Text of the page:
“I was promised a life interest and I was satisfied I would have a roof over my head. I did not concern myself that my father wished for his property to remain in the family and that he would have ensured his grandsons would benefit from his home at his death.

“I truly regret the role I played in allowing Mr Roderic Pearman to force my father to do what he would not have ordinarily done had it not been for Mr Roderic Pearman’s influence and my unwillingness to do what my father would have wanted.

Mr Taylor added: “I must share that I want to clear my conscience as I am presently experiencing health challenges, with an outcome as yet undefined.”

Mr Taylor appeared uncertain about his father’s mental state at the time the will was made in 2002 in an interview with The Royal Gazette on May 29.

He said then he believed his father did not have dementia and “was in his right mind ... but with a bug in his ear”.

Mr Taylor added that he also believed Mr Pearman subjected his father to a “constant barrage of influence”.

He said, although Howard Taylor “wasn’t a drooling idiot”, he was mentally impaired but “skilful” enough to hide it.

He added: “That will was a fiasco. It was a mess. I could see the manipulation but there was nothing I could do about it. The milk is spilt.”

Mr Taylor said the legal wrangle over the will had dredged up painful memories for him about his relationship with his father, with whom he lived and looked after for the last 12 years of his life.

He added that although the will ensured a roof over his head, he found it insulting and the “insult was compounded by the fact that his grandchildren were neglected. And these Pearman people didn’t do anything. They weren’t there — not so much as a cup of tea”.

He said: “I wasn’t expecting anything from Howard because, first of all, I’m gay and, secondly, I am not accomplished. He was very judgmental and as flawed as he was, he was just as judgmental.

“Elaine was hard done by ... We all got screwed. There was enough property for us all to get a piece of it and there was a lot of property.”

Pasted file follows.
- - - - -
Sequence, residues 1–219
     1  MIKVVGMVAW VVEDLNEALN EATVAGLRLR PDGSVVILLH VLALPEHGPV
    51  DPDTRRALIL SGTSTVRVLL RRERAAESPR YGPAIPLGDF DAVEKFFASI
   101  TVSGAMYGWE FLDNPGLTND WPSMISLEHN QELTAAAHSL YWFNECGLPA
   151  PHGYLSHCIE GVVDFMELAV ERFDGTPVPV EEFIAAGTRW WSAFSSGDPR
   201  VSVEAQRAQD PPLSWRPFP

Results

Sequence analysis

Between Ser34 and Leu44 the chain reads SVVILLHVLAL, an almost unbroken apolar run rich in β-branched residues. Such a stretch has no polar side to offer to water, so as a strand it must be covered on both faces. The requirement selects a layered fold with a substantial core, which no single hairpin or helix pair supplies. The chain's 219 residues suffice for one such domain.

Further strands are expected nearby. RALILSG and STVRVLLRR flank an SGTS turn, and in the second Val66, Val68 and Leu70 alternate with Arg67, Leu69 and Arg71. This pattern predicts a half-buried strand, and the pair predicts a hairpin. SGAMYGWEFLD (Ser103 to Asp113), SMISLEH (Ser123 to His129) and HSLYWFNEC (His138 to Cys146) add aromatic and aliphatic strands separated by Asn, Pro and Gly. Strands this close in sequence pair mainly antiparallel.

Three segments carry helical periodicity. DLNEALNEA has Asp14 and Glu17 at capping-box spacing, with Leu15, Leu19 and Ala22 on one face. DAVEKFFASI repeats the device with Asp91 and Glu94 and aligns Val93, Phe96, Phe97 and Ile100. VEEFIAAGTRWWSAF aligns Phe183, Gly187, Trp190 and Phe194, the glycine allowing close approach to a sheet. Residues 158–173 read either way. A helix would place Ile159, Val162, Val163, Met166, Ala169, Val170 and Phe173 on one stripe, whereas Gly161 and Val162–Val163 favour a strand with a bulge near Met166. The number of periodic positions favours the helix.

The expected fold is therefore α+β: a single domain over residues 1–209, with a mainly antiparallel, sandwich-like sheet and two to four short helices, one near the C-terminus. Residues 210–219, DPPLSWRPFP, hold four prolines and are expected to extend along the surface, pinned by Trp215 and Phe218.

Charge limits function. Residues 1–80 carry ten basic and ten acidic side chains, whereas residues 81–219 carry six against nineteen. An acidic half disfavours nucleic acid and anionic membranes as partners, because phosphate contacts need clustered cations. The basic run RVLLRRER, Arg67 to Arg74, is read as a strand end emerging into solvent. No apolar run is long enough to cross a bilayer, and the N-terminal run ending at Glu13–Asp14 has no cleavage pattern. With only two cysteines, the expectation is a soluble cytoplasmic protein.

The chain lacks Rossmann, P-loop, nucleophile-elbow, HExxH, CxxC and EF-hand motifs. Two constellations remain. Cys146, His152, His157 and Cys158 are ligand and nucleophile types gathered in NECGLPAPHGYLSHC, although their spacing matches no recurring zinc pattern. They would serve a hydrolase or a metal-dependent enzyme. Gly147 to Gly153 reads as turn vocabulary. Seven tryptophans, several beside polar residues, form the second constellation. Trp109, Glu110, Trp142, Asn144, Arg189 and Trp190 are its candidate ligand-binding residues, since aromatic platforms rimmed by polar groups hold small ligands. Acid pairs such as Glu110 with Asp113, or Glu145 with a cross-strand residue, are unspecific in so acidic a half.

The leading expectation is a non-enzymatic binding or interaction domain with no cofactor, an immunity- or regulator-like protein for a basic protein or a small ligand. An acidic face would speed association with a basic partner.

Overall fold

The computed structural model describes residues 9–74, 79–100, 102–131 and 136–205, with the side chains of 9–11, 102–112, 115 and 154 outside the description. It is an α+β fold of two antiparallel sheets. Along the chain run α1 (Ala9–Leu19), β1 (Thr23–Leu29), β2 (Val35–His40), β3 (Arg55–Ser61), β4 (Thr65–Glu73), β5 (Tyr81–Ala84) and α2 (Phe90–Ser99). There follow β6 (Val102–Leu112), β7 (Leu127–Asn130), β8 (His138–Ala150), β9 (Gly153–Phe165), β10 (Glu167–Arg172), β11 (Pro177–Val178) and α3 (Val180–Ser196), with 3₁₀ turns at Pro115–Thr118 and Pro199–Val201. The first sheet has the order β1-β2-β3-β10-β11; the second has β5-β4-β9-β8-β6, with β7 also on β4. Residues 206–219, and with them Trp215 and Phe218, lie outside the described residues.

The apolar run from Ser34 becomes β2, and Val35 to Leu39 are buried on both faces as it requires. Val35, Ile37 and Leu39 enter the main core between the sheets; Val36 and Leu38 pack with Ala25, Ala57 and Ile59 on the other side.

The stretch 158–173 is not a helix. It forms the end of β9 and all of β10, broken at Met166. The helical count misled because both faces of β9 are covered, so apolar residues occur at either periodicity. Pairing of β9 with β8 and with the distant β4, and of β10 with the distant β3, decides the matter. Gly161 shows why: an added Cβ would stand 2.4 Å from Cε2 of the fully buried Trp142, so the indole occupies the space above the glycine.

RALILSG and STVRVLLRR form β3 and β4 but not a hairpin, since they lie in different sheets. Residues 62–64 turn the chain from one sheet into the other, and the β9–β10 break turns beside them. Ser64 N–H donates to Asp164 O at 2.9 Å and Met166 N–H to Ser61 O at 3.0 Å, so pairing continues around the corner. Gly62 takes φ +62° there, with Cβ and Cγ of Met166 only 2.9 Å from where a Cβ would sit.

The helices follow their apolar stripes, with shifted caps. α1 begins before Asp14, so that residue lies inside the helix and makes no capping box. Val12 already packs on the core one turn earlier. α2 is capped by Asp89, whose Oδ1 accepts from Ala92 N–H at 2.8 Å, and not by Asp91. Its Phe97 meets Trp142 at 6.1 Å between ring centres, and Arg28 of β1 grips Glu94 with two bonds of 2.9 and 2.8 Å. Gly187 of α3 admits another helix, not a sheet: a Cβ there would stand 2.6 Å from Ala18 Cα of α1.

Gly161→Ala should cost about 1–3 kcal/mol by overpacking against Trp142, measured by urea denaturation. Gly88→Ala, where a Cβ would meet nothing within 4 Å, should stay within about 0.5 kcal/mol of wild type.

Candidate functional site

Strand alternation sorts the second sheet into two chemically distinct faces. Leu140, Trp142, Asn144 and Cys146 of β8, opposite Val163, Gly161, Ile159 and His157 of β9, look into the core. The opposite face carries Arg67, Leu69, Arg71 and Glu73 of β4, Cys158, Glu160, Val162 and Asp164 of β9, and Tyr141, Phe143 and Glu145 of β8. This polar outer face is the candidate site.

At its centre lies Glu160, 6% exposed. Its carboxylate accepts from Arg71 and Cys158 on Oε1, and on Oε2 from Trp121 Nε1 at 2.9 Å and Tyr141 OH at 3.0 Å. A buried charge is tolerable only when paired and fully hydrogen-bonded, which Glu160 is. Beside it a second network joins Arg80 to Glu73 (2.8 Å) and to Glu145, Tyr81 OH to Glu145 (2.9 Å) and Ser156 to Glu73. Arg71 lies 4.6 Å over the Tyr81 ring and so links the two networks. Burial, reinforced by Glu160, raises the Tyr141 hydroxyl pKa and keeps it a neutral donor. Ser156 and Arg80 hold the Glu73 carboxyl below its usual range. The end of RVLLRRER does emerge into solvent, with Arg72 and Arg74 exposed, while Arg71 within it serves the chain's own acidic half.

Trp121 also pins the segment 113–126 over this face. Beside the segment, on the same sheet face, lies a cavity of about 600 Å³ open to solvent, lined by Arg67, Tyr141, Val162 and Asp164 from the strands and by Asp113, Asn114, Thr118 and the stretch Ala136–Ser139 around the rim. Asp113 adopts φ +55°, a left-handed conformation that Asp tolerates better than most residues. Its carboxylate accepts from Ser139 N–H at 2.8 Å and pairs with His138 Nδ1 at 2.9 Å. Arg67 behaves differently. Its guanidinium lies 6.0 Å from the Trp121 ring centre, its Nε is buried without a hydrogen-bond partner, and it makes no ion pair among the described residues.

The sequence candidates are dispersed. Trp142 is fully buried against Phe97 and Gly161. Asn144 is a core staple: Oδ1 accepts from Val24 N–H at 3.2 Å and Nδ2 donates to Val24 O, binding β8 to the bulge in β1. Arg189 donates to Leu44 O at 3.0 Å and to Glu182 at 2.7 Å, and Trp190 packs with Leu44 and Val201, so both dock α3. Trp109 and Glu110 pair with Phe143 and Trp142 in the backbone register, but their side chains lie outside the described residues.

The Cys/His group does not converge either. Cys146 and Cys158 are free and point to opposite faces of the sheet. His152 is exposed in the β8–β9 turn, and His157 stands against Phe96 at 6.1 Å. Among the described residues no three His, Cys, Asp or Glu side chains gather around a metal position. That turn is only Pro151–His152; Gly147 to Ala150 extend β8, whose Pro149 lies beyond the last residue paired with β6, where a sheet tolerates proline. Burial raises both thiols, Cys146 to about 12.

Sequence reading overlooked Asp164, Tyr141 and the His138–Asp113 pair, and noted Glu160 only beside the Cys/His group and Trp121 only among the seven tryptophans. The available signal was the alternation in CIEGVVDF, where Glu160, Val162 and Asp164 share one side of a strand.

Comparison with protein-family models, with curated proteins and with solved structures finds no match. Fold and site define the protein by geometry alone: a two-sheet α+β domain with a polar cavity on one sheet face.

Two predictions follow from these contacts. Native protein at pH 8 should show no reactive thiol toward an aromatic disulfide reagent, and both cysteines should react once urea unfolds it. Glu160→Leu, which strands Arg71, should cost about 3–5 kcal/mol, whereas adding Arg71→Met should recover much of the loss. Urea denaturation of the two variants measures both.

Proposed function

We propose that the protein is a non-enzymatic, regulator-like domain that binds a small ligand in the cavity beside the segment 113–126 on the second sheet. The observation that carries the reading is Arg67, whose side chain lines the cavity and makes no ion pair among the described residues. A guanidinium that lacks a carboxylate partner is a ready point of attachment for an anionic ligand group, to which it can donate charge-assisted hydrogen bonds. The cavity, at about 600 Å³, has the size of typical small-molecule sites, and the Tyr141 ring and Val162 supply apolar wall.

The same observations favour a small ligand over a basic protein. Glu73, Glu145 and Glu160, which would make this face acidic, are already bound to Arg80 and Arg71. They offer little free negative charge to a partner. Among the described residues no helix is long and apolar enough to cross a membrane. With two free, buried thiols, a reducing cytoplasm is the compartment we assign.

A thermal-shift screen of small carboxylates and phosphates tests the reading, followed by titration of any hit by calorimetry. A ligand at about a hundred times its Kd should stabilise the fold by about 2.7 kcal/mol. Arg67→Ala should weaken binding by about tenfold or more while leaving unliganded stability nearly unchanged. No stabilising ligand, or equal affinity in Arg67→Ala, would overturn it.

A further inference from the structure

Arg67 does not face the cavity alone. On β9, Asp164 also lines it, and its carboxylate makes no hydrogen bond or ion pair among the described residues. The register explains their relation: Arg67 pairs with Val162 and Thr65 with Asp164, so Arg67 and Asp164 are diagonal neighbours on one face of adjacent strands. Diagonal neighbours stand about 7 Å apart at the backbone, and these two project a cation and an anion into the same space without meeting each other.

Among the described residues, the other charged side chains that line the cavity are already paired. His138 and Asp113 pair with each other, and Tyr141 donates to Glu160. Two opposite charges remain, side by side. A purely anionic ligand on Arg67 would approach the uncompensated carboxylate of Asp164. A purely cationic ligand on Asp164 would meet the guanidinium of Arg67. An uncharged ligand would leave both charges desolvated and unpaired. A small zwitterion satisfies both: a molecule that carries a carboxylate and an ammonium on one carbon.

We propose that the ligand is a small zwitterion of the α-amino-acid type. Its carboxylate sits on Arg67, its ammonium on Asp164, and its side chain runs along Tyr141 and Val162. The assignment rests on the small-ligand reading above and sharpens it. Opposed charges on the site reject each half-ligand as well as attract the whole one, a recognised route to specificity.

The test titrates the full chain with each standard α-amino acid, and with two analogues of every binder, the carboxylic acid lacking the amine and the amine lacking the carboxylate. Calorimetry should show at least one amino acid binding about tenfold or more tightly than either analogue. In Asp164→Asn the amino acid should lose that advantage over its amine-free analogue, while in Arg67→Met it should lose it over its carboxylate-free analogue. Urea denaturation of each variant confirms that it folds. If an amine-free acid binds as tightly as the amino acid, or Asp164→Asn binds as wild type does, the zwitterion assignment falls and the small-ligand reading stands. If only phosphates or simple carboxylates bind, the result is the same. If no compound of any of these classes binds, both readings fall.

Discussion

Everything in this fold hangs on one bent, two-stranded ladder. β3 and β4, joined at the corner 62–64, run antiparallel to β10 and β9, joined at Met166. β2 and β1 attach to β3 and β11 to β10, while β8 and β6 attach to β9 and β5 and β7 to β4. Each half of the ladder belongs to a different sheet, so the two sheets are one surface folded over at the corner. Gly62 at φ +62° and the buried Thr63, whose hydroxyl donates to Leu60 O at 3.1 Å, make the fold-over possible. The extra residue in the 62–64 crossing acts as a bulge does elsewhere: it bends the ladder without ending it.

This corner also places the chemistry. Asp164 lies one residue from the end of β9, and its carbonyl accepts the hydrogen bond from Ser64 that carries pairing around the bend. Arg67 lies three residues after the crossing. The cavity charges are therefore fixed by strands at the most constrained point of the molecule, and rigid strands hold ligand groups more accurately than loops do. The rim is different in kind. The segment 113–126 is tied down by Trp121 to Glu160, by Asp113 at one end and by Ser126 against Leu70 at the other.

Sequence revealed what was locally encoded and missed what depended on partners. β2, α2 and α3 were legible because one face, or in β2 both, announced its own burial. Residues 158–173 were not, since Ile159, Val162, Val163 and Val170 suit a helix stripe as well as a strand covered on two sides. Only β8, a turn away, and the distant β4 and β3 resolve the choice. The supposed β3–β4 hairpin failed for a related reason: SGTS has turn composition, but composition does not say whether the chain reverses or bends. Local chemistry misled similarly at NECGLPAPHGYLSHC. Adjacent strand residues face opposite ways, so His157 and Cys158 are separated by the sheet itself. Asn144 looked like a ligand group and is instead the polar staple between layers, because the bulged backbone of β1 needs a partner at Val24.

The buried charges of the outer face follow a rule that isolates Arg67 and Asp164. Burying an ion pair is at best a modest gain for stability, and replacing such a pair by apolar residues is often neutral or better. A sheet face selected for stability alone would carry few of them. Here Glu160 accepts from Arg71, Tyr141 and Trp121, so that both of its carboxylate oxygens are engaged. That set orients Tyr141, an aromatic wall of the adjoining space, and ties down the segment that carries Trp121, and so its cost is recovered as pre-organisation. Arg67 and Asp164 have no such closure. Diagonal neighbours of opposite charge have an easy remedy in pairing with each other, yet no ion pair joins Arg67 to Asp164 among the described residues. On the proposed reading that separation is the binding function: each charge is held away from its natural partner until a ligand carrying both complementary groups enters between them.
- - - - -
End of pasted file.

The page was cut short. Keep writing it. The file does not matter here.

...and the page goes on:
Ms Charles claimed her father took steps to convey Fubler Villa to her in 1995 so it could pass to his grandsons, but she asked him to hold off because she was involved in a divorce and did not want to complicate the proceedings.

She said her father’s mental state deteriorated in 1997, although dementia was never diagnosed, and she did not raise the issue of the house with him again because she believed he was no longer capable of making a will.

Ms Charles said on May 29: “He loved his grandchildren. He always spoke to me about leaving a legacy for his grandchildren.”

The Royal Gazette reported in March that Ms Charles faced losing everything she owned after lawyers involved in the long-running court case won costs against her, likely to be about $500,000.

She has filed a fresh affidavit with the court alongside her brother’s in a bid to prevent a property belonging to her from being sold to pay for the debts.

Her affidavit asked for documents earlier dismissed by the court to be reconsidered.

The documents include two affidavits from former deputy premier Clarence James, a friend and Masonic colleague of her father’s, which Ms Charles said testified to Howard Taylor’s mental incompetence in 2002.

Ms Charles added she was waiting on notification of a new court date and the outcome of complaints made to the Bar Council about several lawyers involved in the case.

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Published Jun 25, 2018 at 8:00 am (Updated Jun 24, 2018 at 10:17 pm)

Fresh twist in will saga after reunion